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Pike Place Market....Then, and Now. (Image: Joshua Lewis / Seattle Municipal Courts)
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Quick Facts: A history of Pike Place Market

Pike Place Market has become a staple for locals and tourists alike, and has such a vast history... I mean it is the longest running farmers market in the United States, for heavens sake.

To celebrate the infamous markets' 109th birthday, the construction of the new MarketFront is to begin in 2017. The expansion will bring a lot of new and fun change to the market, and it kind of got us thinking...we all think we know everything there is to know about the Market - but do we? Here are some quick facts you may not know:

  • The Market began in 1907 as a small group of farmers who wanted to sell their produce directly to Seattleites.
  • One of these early farmers was Italian immigrant, Giuseppe "Joe" Desimone. Desimone began as a vendor himself but then proceeded to buy shares of the market, eventually making him the president of Pike Place. Desimone contributed to the community feel by always helping his vendors or by loaning money to keep a business afloat.
  • After his death in 1946, Desimone's son, Richard succeeded him as president to continue the legacy that Desimone created.
  • A bridge was eradicated in Joe Desimone's honor, called the Joe Desimone bridge. The bridge connected Western Avenue to North Arcade to the Municipal Market Building. After a fire in 1974, the bridge was destroyed and will be reconstructed in 2017 to connect to the new MarketFront.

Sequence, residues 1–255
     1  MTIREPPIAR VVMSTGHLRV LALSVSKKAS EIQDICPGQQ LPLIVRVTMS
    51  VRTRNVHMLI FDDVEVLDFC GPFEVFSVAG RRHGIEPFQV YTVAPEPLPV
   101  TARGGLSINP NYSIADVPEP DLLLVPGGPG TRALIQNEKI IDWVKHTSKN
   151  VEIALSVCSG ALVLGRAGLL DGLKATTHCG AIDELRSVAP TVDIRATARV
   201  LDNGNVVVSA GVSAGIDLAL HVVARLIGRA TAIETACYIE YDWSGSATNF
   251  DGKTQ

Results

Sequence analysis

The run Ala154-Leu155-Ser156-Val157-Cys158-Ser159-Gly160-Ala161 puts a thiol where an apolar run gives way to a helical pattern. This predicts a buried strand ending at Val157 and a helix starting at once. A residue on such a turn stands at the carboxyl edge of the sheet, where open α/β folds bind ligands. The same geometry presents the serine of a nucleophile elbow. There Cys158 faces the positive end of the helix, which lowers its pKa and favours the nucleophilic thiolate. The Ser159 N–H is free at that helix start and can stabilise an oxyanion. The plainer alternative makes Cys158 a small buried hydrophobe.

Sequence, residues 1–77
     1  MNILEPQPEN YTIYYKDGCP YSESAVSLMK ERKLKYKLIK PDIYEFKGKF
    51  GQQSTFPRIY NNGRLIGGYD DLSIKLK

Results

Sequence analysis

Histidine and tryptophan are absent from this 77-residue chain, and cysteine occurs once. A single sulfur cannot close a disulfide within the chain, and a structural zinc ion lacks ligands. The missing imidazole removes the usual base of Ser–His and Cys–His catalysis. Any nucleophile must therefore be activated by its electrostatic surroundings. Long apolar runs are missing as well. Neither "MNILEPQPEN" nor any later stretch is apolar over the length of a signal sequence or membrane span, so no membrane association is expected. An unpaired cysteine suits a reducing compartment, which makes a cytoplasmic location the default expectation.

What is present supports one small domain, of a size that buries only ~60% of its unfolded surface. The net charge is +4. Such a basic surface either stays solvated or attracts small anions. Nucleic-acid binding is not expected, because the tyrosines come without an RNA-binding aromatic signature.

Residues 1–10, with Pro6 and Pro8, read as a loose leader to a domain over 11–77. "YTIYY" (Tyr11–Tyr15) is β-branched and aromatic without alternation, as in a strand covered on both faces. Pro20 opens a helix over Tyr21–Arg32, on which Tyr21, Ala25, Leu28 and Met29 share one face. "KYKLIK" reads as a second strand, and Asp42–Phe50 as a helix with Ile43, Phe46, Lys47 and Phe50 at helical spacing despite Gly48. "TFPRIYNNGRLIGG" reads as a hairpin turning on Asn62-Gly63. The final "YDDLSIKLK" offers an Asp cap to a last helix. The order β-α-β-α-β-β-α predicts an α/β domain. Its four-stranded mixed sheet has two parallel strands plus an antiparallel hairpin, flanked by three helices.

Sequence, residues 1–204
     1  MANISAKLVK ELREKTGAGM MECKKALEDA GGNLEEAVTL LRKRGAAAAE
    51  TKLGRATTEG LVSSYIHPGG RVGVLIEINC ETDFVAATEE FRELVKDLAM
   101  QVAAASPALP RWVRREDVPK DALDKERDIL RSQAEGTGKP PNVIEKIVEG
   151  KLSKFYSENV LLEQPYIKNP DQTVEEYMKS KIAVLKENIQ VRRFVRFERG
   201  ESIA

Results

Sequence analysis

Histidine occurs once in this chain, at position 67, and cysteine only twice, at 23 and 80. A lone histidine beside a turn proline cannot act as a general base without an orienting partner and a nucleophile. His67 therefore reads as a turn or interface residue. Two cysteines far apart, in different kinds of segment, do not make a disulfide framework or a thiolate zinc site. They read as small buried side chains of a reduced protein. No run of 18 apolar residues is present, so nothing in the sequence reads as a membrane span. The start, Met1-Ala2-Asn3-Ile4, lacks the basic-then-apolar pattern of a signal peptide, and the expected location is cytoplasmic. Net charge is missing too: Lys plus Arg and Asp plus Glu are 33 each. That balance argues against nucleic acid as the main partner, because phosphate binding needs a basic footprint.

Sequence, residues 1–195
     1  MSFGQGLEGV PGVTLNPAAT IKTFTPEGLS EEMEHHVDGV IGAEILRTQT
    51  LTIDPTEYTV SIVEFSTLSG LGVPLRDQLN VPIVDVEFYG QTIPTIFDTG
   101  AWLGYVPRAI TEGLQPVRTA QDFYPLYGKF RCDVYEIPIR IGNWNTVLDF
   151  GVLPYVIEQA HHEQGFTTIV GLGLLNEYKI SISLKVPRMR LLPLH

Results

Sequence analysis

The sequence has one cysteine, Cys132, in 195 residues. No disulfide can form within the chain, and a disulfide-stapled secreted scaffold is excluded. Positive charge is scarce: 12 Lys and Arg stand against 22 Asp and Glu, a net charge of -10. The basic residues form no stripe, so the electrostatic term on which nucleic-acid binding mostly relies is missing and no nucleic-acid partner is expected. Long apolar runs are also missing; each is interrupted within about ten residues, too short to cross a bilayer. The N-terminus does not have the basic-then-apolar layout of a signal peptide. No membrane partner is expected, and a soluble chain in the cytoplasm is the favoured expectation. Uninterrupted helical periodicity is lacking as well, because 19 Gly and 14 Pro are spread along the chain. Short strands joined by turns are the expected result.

• The Desimone Family has donated over $100,000 to the Pike Place Market Foundation's Pike Up! campaign, which spearheads the MarketFront project. The Foundation is still active in the Pike Place. In fact, this past year they purchased new bulbs for their farmers who had lost their flower crops due to the flooding. *awwwww*

Now that we've looked back, here's a quick look forward, what to expect from the coming growth:

  • 30,000 square-feet of open public space encompassing a public plaza and viewing deck from the Desimone Bridge
  • Dozens of farm and craft stalls on the roof terrace
  • 12,000-square-feet of commercial and retail space for artisan purveyors
  • 47 new day-stall tables for farmers, crafters and artists
  • 40 low-income housing units for seniors
  • 300 covered parking spaces and 33 bicycle spaces
  • One new Neighborhood Center with additional social services
  • Multiple public art installations

So there you have it, your daily history lesson. That wasn't so bad, was it? To donate to the PikeUp! campaign and more information, click here.



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